Hello! My name is Jamie Keyes, and I am the mother of an Iraq war veteran who has PTSD and is also in prison due to a PTSD related incident. I really don't know exactly how to start this blog other than to say that my son's service in the military, PTSD and subsequent incarceration has really sent me on a long and painful journey, but given me a new mission in life. That mission being a part of educating our country of the plight of our returning veterans and soldiers, so that the appropriate changes can be made to better support them.
Because of my advocacy and experience with these issues, I have been given many opportunities to reach out to the families of veterans who have PTSD and unfortunately been arrested and thrown into prisons all over this country because of their service to this country. On any given week I receive calls from many desperate family members who's young veterans have come home suffering the unseen wounds of war, fallen through the cracks, and ended up in prison. I have heard all their stories, and despite the different circumstances surrounding the arrests of their loved ones, the stories are all the same. It begins with the soldier who is still in the military. Commanders and those who are supposed to be taking care of their soldiers are not paying attention to the signs of distress or responding appropriately.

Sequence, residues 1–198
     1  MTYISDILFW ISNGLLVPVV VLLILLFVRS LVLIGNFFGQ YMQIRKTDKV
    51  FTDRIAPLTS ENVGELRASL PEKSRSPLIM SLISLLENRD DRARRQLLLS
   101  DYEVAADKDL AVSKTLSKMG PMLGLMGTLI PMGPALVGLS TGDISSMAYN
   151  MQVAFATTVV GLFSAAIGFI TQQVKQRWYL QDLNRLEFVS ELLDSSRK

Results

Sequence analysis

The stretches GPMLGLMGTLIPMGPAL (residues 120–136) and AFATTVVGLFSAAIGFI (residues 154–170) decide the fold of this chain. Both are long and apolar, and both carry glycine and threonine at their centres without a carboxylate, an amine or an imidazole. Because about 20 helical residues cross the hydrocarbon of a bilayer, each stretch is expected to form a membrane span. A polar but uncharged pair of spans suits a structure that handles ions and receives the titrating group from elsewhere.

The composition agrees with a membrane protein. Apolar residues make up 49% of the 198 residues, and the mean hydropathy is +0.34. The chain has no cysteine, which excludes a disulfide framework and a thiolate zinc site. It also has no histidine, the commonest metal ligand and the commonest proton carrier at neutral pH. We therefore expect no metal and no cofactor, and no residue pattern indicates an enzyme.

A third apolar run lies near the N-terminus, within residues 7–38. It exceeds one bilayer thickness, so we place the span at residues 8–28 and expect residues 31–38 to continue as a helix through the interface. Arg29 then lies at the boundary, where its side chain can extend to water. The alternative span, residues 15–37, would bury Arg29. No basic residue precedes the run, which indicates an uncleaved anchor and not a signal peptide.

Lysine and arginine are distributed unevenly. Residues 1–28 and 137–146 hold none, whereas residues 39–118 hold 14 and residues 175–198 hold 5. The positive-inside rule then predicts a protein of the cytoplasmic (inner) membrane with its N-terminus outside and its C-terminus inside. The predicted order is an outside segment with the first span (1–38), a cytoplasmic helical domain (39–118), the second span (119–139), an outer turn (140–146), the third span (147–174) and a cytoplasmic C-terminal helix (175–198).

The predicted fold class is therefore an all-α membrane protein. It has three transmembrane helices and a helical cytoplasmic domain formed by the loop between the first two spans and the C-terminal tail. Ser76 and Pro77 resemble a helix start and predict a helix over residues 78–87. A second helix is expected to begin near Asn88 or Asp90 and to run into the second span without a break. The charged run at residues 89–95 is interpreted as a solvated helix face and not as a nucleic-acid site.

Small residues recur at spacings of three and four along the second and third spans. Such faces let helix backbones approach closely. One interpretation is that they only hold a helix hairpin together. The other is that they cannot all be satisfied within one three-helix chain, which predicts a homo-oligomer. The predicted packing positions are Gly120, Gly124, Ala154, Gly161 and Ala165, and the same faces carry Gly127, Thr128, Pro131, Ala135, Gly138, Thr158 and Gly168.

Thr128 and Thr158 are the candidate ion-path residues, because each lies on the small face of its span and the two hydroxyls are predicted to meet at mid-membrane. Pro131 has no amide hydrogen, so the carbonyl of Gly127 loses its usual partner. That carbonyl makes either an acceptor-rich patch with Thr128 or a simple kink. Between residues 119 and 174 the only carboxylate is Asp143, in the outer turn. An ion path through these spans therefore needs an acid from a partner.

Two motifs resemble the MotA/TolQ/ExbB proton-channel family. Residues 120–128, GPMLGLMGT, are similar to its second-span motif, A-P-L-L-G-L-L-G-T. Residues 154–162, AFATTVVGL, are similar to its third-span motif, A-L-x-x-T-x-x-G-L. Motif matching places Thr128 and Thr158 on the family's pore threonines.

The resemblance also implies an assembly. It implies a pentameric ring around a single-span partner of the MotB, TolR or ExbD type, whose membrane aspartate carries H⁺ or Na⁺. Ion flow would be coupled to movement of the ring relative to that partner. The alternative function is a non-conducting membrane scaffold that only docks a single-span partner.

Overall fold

There is no seamless transition from the military to the V.A. and many of them are sent out into the civilian world having to fend for themselves. If they do make it to the VA, they are not taken care of in a timely and appropriate manner, and many end up in prison or morgues all over this country. Currently there is no way of telling how many of our current conflict veterans are in jails and prisons all over this country because there are no studies on the numbers, or ways of keeping track of them. I will tell you this. It is at epidemic proportions and the citizens in this country would be shocked if they really knew how many of our young soldiers were incarcerated due to their PTSD.
These young men and women are returning home to families who are clueless about how to recognize the symptoms of combat stress, nor do they know how to respond to and cope with their veteran. There is literally no where for them to turn. PTSD affects the whole family, and we are given a broken used up soldier that we were not told how to take care of. In my case, I pleaded with the VA to listen to me and step up my son's treatment, to no avail. My pleas for help and warnings were ignored. We, the family see what is happening in the day to day lives of our sons and daughters. You would think that listening to the family would be an important part of helping the veteran. But the family is shut out.
Too many times I have heard from an incarcerated veterans family that they begged for help long before their veterans incarceration. What happens when a veteran is convicted of a crime? The first thing that happens is that the VA refuses to help them. All but ten percent of their benefits are taken away, and the VA refuses to treat them at all. This leaves a sick veteran sitting in prison for many years with festering mental wounds that will no doubt get worse as time passes. It costs the states money to incarcerate and serves no purpose other than to return an even sicker veteran back into society later. It also subjects their families to emotional and financial suffering. Haven't we suffered enough? How can we avoid this travesty in the first place? Listen to the families and you will find out.